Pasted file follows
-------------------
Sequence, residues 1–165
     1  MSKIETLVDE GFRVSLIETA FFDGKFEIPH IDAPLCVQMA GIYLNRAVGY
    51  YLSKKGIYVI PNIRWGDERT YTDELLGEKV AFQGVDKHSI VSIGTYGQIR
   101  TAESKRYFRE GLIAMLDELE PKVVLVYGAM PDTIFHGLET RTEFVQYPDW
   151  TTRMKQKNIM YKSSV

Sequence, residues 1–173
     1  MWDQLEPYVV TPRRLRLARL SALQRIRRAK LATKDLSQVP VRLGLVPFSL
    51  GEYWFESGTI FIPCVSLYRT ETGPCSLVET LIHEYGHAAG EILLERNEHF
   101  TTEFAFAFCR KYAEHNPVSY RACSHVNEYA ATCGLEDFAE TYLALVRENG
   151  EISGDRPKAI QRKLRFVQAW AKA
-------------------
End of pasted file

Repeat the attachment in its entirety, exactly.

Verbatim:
Sequence, residues 1–165
     1  MSKIETLVDE GFRVSLIETA FFDGKFEIPH IDAPLCVQMA GIYLNRAVGY
    51  YLSKKGIYVI PNIRWGDERT YTDELLGEKV AFQGVDKHSI VSIGTYGQIR
   101  TAESKRYFRE GLIAMLDELE PKVVLVYGAM PDTIFHGLET RTEFVQYPDW
   151  TTRMKQKNIM YKSSV

Sequence, residues 1–173
     1  MWDQLEPYVV TPRRLRLARL SALQRIRRAK LATKDLSQVP VRLGLVPFSL
    51  GEYWFESGTI FIPCVSLYRT ETGPCSLVET LIHEYGHAAG EILLERNEHF
   101  TTEFAFAFCR KYAEHNPVSY RACSHVNEYA ATCGLEDFAE TYLALVRENG
   151  EISGDRPKAI QRKLRFVQAW AKA